In October 1840, the council woke up to the implications. At a special council meeting, Mr Edmund Bowman, Civil Engineer, presented a report entitled Railway from Newcastle to Edinburgh.
It was really only about the section from Newcastle to Lesbury, at which point his line joined Mr Stephenson’s. It showed a saving of up to two-and-a-half miles, depending on which route Mr Stephenson took to Bedlington:
‘With respect to the Lines North of the Wansbeck, they both pass through a favourable Country, and at unexceptionable Gradients, but the upper Line taking the Rivers where they are not so broad, the Arching may be less; also from Mr Stephenson’s Line running so near the Coast for so great a Distance, it will be liable to be destroyed in Places, in time of War, by an enterprising Enemy’s Vessel …and thus interrupt the Communication when most needed.’
He was a little biased. He makes a saving by not having the branch from Bedlington to Morpeth, but ignores the need for one from Morpeth to Bedlington. And while it may be true that you need fewer arches upstream, he omits any reference to them being higher. But the council were well pleased and resolved: ‘That the Thanks of the Council be given to Mr Bowman for the Plan, which appears to this Meeting to be superior to the other projected Lines in point of Distance, Economy, Facility of Construction and Utility when made; and that the Report be printed in the local Newspapers.’
Morpeth Town Council meetings were only normally reported if it didn’t cost anything. But the railway question was altogether more serious.
Whereas other European governments decided what lines should be built, here the private sector took the initiative. Parliament either granted the necessary private Act of Parliament or it didn’t. In an attempt to introduce a degree of planning and save too many people from losing their money, the House of Commons now appointed a Railway Committee.
In August 1839 the Committee retained Sir Frederick Smith and Professor Barlow to report back on all the proposed lines not already authorised. Part of their remit concerned Morpeth closely. The Committee thought the traffic between England and Scotland too small for an adequate return on capital if two competing lines were built, and asked the commissioners to make a recommendation. If so, there might never be a line, either through Morpeth or Bedlington. But the Town Council ignored this possibility. They wanted the East Coast Line to come to Morpeth. Whether it would ever be built was immaterial.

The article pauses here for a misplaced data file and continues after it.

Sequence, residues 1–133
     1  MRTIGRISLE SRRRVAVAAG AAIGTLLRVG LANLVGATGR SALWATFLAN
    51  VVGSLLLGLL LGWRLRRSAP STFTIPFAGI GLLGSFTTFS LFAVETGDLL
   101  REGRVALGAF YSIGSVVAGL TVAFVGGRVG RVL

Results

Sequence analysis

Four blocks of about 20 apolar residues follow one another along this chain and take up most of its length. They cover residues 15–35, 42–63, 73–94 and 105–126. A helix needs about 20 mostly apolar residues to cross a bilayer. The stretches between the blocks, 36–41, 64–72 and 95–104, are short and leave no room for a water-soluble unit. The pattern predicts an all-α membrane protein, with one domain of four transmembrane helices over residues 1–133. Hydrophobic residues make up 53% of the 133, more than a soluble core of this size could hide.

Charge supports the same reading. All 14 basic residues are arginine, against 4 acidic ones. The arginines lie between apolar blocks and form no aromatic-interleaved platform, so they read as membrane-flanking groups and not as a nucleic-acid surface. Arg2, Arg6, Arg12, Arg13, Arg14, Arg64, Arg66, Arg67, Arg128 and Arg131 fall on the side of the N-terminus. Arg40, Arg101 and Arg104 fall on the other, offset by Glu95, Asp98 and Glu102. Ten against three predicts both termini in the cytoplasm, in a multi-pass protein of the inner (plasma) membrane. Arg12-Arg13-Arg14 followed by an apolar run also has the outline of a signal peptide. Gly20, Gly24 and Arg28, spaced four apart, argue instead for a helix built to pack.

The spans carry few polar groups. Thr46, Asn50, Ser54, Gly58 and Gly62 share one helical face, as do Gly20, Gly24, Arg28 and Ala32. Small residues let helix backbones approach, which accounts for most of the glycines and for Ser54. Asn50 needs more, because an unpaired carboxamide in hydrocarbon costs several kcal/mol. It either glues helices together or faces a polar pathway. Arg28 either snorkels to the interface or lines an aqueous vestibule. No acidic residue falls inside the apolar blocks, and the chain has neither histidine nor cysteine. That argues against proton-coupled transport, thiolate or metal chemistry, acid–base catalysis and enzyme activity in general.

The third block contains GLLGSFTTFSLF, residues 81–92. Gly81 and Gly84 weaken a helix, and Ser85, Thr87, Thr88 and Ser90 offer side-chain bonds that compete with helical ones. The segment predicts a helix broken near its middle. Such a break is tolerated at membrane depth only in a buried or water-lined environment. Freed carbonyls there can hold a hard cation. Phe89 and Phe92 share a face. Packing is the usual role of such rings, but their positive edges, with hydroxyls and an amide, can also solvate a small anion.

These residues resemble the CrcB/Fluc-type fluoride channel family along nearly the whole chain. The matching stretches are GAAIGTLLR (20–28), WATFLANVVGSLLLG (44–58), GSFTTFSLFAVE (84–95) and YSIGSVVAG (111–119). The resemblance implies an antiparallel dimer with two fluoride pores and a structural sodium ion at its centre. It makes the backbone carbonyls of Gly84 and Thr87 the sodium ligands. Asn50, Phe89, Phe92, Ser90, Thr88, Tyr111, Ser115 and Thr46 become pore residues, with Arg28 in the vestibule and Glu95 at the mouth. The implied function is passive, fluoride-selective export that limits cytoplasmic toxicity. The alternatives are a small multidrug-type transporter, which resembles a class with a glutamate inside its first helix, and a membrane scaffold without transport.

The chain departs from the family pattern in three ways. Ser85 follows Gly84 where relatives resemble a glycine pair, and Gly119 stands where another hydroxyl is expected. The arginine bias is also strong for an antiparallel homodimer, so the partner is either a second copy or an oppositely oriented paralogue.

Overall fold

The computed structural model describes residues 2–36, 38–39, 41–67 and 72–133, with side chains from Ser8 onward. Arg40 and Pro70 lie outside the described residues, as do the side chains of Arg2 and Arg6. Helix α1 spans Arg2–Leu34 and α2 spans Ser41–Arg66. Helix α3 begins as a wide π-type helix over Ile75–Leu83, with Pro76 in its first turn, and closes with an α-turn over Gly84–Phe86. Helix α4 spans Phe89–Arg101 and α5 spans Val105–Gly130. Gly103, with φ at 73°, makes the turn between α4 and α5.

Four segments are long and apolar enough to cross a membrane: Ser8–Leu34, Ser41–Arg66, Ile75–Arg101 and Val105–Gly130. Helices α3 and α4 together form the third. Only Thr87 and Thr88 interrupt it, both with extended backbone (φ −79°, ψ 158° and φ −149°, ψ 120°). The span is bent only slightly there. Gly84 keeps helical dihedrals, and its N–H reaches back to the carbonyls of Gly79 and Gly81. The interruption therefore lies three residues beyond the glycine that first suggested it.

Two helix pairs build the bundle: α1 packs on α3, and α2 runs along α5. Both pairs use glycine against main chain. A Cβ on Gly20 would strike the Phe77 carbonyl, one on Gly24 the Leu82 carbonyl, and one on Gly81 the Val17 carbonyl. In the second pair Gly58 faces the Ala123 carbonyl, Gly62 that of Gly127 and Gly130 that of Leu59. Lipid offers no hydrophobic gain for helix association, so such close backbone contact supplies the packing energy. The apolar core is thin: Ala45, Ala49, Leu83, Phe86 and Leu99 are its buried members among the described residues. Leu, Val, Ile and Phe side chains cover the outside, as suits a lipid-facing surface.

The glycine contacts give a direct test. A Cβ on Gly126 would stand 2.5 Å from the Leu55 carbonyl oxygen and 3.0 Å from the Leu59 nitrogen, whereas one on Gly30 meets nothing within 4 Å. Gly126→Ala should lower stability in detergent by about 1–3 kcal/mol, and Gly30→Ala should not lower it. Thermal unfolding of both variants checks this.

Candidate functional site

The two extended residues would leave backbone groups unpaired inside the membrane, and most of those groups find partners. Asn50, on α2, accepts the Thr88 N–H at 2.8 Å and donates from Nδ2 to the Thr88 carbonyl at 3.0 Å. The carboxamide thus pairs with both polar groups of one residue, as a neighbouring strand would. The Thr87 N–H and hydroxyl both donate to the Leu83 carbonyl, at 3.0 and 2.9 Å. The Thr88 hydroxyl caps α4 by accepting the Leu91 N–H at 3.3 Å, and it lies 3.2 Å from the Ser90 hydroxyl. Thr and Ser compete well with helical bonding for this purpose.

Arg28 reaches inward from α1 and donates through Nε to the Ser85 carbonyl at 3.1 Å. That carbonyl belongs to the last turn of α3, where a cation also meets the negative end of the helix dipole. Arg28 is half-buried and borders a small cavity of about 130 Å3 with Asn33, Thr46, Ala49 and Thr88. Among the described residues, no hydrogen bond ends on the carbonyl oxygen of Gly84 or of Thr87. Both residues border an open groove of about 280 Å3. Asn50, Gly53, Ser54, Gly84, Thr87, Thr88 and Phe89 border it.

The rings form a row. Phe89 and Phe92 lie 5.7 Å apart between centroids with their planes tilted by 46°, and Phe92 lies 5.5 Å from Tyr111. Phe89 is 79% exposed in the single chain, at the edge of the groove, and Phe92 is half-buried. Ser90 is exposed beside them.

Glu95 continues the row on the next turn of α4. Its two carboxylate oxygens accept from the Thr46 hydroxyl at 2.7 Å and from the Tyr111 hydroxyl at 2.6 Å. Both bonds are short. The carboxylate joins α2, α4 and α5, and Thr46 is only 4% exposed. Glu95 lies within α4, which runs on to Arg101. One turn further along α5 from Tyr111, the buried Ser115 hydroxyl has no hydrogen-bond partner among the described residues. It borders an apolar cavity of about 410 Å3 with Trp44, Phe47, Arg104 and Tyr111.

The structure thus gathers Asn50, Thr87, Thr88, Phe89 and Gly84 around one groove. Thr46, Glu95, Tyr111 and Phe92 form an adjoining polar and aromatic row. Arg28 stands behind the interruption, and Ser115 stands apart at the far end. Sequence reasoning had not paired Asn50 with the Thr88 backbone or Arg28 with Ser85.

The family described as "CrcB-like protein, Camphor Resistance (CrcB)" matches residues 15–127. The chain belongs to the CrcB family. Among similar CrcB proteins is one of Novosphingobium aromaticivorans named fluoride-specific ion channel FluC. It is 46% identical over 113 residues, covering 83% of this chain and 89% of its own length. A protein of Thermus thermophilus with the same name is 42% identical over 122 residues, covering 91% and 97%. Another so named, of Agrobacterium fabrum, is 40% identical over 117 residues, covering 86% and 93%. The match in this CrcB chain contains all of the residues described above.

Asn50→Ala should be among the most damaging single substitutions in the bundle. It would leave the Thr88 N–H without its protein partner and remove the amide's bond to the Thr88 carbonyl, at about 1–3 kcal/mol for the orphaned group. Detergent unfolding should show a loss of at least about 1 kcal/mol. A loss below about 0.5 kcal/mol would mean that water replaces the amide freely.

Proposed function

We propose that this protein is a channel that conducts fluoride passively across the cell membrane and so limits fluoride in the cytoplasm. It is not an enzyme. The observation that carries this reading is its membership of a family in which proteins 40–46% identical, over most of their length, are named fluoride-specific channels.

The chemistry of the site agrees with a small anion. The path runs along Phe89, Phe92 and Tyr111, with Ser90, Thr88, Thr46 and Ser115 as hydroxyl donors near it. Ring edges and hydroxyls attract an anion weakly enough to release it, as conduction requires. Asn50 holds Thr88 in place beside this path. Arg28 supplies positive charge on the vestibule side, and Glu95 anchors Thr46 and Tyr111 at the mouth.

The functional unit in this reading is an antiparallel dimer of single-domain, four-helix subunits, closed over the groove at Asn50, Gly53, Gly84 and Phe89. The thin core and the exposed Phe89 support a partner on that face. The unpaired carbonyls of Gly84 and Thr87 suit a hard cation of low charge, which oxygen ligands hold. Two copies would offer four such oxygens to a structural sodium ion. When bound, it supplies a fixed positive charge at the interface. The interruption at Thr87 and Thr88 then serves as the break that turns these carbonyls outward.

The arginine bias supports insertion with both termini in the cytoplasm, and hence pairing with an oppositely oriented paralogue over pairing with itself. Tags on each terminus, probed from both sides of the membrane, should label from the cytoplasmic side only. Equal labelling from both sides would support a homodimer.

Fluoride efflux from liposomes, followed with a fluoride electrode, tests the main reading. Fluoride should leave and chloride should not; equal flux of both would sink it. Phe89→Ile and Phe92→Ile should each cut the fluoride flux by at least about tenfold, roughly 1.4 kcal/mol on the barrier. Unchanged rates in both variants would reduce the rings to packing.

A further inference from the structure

In 1844 George Hudson, the Railway King, adopted George Stephenson’s line for the Newcastle to Berwick Railway. Finding his father’s wishes ignored, Lord Howick promoted the rival Northumberland Railway. It was to be an ‘atmospheric railway’, powered by a vacuum tube. More to the point, it crossed the Wansbeck at Morpeth Banks and ran well away from Howick Hall.
In 1845, the House of Lords Railway Committee dismissed the atmospheric railway in favour of George Stephenson’s line. At some point in the proceedings, however, William Woodman, the Town Clerk, brought pressure to bear through Lord Carlisle and Earl Grey.
Not only was the line taken west of Howick, it was also diverted to Morpeth, with the result that to this day express trains have to slow down for the Morpeth curve, and Bedlington isn’t on a passenger-carrying line at all.